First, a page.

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Welcome aboard! Thank you for joining me on my journey to become a better tenzo for my family. What’s a tenzo? Good question. Wikipedia says:

Tenzo is a title given to the chef at a Buddhist monastery. The literal
translation is ‘Heavenly Monk’.

From ancient times Buddhist monasteries have had six office-holders
who, as disciples of the Buddha, guide the monastic community. Amongst
these, the tenzo bears the responsibility of caring for the community’s
meals. The Zen Monastic Standards states; “The tenzo functions as the one
who makes offerings with reverence to the monks.”

A bit wordy and cumbersome way to describe what we in Western society often call a “stay-at-home mom” or even just “mom”. But there’s more to it and the definition of tenzo points to it.

“The tenzo bears the responsibility of caring for the community’s meals…” Not just making the meals but caring for the meals for the entire community. I care about the meals my family eats, but do I care for them? Is taking care of the same as caring for? These are the kind of questions I like to ponder. Most importantly, if I don’t care about the meals, who will?

When I look at my family I see a husband who works hard (12 hours/day +, including a grueling commute) and a daughter (9) who does not yet know all the ins and outs of nutrition. Then there’s me. I like to read Cook’s IllustratedHow to Cook Everything is my go-to book for food preparation. But I’m not hot on the cook dinner every night thing. In fact, I resent it. Why? Probably some baggage hanging around from my youth.So what’s a mother to do? Then it occurs to me “Somebody’s gotta be the cook.” Someone has to step up and do the job or I have to reconcile myself to feeding my family fast-food and take out for the rest of our lives. In our family, that someone is me. “The one who makes offerings with reverence…” <Gulp> Too many of the meals I make are an offering of resentment, not reverence. Is this really what I want to serve my family?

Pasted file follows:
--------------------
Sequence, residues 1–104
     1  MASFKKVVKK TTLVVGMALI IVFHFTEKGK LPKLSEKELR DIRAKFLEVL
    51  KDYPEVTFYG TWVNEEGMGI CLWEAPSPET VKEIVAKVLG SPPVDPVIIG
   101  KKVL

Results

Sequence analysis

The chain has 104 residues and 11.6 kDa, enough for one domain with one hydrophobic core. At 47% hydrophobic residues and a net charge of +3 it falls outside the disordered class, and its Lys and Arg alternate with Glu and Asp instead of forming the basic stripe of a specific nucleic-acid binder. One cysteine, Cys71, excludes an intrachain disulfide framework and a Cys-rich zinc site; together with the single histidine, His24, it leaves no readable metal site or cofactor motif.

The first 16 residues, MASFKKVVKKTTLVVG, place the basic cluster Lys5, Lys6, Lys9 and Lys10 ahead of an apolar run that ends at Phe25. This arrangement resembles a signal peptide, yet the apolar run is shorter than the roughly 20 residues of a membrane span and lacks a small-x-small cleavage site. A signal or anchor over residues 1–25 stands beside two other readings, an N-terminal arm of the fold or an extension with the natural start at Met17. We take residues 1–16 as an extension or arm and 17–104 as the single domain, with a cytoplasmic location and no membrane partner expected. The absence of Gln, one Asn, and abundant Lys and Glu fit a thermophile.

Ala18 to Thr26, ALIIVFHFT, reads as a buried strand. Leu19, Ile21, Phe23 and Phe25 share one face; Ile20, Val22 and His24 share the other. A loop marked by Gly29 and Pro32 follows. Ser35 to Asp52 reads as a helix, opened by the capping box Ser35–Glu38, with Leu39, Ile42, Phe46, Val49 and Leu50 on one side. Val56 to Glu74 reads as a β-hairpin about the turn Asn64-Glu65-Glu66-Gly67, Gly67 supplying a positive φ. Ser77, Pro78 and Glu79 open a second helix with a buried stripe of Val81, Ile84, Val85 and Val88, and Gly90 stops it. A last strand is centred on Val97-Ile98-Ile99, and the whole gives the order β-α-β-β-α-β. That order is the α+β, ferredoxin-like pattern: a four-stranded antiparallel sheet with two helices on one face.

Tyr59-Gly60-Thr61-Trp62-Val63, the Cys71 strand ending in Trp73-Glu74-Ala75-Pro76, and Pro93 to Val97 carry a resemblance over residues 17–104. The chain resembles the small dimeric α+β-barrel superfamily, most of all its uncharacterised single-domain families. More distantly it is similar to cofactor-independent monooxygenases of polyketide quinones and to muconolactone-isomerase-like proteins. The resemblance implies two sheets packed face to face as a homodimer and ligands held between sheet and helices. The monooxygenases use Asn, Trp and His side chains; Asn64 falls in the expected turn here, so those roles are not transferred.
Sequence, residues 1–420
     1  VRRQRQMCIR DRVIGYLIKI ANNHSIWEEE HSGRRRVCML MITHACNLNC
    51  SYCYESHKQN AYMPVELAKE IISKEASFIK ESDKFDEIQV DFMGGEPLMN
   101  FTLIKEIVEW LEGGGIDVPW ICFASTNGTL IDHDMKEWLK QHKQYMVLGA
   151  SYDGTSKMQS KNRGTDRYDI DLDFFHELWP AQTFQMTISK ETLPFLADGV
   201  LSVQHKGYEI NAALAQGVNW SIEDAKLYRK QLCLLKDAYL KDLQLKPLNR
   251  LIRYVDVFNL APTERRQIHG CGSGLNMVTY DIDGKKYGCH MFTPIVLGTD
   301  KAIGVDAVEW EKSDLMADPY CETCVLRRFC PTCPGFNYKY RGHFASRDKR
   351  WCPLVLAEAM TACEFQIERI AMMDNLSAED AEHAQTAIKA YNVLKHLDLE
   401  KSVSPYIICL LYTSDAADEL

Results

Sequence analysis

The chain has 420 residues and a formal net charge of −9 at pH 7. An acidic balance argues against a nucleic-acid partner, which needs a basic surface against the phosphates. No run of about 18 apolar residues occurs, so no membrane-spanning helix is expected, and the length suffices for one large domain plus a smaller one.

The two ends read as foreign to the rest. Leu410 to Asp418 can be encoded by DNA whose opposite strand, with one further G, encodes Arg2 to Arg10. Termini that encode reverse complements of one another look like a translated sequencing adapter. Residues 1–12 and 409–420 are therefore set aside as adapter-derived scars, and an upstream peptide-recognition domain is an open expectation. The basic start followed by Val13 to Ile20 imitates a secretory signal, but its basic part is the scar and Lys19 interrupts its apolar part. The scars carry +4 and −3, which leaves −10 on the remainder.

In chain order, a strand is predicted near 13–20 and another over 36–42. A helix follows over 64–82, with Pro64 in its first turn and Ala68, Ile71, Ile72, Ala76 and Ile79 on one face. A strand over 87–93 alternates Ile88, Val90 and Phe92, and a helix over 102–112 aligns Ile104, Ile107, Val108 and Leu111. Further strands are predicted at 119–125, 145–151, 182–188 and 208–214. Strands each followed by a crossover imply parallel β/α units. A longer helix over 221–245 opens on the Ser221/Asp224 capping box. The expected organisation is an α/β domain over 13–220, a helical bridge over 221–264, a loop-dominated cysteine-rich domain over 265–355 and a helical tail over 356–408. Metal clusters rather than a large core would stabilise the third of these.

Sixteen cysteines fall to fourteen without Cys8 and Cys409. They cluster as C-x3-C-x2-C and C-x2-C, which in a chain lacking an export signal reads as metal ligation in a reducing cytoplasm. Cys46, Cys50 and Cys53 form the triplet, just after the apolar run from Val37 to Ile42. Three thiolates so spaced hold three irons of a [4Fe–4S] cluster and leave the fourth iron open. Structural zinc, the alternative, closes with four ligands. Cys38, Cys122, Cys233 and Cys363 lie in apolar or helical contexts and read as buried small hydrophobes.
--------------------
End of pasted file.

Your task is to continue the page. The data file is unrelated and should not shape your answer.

So here we are. It’s the summer of 2012. I can’t eat wheat or products containing gluten. I’m the cook, like it or not. And I like to write. I mean, I *really* like to write. I’ve been journaling for most of my life. It helps me to clarify my thoughts and codify my experiences. It’s how I process things. With my new gluten-free diet, I can’t arbitrarily declare pizza night because I don’t want to be bothered to cook. Things have gotten way more complex and I’m in the process of figuring them out. How do I do this meal-planning thing in a way that works for me? Shopping? Recipes? What the heck can I eat? How can I keep my husband and child happy, healthy, and well-fed without preparing separate meals for everyone? And what about my budget? Food prices are rising and the cost of gluten-free foods is already sky-high.

I don’t know how I’m going to make this all work, but I do know that this is the place where I will be figuring it all out by posting weekly or more often. Hopefully, I will make some friends on this journey and also help some folks who have their own issues with the kitchen. Certainly, I want to have some fun. When you study Zen, you learn that each moment is it. The totality of what we have, of what there is. I want to enjoy those moments. To savour them like a fine meal. To taste each moment in its fullness, its tartness and sweetness, its joy and sorrow. It’s all that there is. Let’s eat it up!